Adverse Childhood Experiences, known as ACEs, was a term that originated in a groundbreaking study (known as the ACE study) in 1995 by the Centers for Disease Control (CDC) and Kaiser Permanente, a health care organization in California. It is one of the largest investigations of childhood abuse and neglect, and how it affects later-life health and wellbeing (CDC.gov, 2021). ACEs are potentially traumatic events that occur in a child’s life, from ages 0 to 17 years (Felitti, et al, 1998).
ACEs refer to the following 10 childhood experiences that have been identified as risk factors for chronic disease in adulthood: emotional abuse, physical abuse, sexual abuse, emotional neglect, physical neglect, violent treatment towards mother, household substance abuse, household mental illness, parental separation or divorce, and having an incarcerated household member (Stevens, 2012).
ACEs and the juvenile justice system have been undoubtedly linked. In a study looking at the prevalence of ACEs in the lives of juvenile offenders, 97% of the juveniles reported having at least one ACE (Baglivio et. al., 2014). Prior research on adverse experiences, traumatic events, and mental health issues of children involved in the juvenile justice system revealed higher rates of adversity and trauma for these children compared to children in the general population (Dierkhising et al., 2013). Experiencing childhood physical abuse and other forms of maltreatment leads to higher rates of offending (Teague, Mazerolle, Legosz, & Sanderson, 2008).
When a child enters the juvenile justice system, the child’s developmental status is relevant to the adjudication process because a just and fair hearing requires the juvenile’s competent participation in his or her defense (Steinberg, 2008). Mental health professionals, policymakers, practitioners, and attorneys need to be familiar with developmental changes and traumatic events that occur during the childhood of juveniles in the criminal justice system (Steinberg, 2008). Being familiar with the developmental history and childhood experiences of juveniles in the system help professionals make well-informed opinions and decisions about the juveniles’ competence, culpability, and likely response to treatment (Steinberg, 2008).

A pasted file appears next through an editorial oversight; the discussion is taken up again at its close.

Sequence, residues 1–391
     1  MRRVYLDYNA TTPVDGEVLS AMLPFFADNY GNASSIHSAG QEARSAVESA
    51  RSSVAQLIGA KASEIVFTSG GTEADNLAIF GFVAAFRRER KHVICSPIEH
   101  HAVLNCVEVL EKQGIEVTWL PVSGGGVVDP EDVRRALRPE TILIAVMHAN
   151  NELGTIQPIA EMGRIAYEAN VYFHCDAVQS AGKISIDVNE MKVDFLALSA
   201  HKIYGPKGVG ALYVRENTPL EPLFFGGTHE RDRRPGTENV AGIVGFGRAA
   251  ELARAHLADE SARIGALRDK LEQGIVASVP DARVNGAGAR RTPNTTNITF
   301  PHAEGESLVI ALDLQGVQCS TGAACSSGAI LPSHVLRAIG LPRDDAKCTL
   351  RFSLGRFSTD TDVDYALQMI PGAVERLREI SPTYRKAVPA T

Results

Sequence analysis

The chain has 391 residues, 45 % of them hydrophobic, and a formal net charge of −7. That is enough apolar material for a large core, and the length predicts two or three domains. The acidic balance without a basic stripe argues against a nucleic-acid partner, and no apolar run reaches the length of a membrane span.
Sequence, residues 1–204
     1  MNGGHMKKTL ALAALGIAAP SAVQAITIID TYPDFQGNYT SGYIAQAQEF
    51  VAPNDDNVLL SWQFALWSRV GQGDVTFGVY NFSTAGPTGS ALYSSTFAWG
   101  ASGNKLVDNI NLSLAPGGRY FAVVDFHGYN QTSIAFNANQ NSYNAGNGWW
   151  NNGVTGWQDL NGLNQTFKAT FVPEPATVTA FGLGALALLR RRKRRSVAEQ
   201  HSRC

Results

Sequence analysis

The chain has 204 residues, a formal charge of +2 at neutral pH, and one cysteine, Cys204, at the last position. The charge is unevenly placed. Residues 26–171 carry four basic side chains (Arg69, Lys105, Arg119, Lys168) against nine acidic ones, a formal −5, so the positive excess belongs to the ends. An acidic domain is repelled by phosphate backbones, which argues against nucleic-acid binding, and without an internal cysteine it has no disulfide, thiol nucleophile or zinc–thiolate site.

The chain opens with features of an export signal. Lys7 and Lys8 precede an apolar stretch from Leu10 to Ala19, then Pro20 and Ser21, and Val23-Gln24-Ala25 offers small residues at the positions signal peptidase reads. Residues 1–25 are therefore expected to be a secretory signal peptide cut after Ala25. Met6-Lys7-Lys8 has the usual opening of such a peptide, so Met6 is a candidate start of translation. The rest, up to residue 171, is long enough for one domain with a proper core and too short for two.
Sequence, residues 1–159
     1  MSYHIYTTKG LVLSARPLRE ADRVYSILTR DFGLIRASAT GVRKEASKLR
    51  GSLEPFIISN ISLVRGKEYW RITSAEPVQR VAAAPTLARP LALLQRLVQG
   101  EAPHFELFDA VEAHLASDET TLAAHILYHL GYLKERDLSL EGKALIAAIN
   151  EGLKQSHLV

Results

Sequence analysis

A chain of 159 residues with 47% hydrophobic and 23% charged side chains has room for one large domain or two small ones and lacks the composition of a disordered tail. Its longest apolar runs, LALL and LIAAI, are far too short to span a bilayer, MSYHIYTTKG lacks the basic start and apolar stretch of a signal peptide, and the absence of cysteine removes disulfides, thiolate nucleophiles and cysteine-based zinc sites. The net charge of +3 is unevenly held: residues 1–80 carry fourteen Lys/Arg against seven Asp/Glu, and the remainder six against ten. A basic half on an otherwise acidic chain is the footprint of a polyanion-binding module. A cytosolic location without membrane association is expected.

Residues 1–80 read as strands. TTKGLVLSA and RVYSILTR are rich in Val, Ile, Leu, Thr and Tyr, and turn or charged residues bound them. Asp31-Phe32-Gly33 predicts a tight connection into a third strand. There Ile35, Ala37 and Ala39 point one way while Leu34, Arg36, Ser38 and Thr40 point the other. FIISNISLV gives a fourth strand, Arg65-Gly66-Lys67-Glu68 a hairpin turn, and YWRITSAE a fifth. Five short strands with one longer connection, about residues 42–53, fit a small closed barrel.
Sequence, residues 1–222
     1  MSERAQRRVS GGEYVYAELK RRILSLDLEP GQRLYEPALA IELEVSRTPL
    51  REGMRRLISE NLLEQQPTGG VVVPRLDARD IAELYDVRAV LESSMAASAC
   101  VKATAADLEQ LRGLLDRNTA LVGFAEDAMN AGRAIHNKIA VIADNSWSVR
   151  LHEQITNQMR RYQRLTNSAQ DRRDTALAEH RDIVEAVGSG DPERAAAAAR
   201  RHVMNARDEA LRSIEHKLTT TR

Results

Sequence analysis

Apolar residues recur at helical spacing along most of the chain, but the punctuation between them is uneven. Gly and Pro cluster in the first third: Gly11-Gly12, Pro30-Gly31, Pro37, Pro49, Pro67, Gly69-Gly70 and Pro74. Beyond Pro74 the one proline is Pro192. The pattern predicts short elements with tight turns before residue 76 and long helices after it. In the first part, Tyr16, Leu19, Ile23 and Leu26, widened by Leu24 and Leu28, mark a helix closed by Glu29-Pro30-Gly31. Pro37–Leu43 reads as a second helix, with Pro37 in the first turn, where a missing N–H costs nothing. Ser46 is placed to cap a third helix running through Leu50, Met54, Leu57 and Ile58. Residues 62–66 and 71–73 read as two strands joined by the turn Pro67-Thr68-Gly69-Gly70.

Our practice specializes in juvenile delinquency and youthful offender evaluations that include a review of ACES and how their impact on the youth’s brain development and behavior. Have questions? Click here to book a consultation with one of our forensic psychologists.
Centers for Disease Control and Prevention. (2021). About the CDC-Kaiser ACE Study. Centers for Disease Control and Prevention. https://www.cdc.gov/violenceprevention/aces/about.html.
Dierkhising, C. B., Ko, S. J., Woods-Jaeger, B., Briggs, E. C., Lee, R., & Pynoos, R. S. (2013). Trauma histories among justice-involved youth: Findings from the National Child Traumatic Stress Network. European Journal of Psychotraumatology, 4:2013. http://dx.doi.org/10.3402/ejpt.v4i0.20274.
Felitti, V. J., Anda, R. F., Nordenberg, D., Williamson, D. F., Spitz, A. M., Edwards, V., . . . Marks, J. S. (1998). Relationship of childhood abuse and household dysfunction to many of the leading causes of death in adults: The Adverse Childhood Experiences (ACE) Study. American Journal of Preventive Medicine, 14(4), 245–258.
Steinberg, L (2008). Adolescent development and juvenile justice. Annual Review Clinical Psychology. 16(3).
Stevens, J. (2012). The Adverse Childhood Experiences Study—the largest, most important public health study you never heard of—began in an obesity clinic. Retrieved from https://acestoohigh.com/2012/10/03/the-adverse-childhood-experiences-study-the-largest-most-important-public-health-study-you-never-heard-of-began-in-an-obesity-clinic/
Teague, R., Mazerolle, P., Legosz, M., & Sanderson, J. (2008). Linking childhood exposure to physical abuse and adult offending: Examining mediating factors and gendered relationships. Justice Quarterly, 25, 313–348.